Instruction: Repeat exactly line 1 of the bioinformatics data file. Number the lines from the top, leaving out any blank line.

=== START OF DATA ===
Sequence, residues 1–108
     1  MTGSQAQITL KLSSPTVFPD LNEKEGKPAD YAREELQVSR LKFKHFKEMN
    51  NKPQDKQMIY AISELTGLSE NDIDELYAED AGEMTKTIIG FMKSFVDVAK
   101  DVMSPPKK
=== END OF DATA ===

Sequence, residues 1–108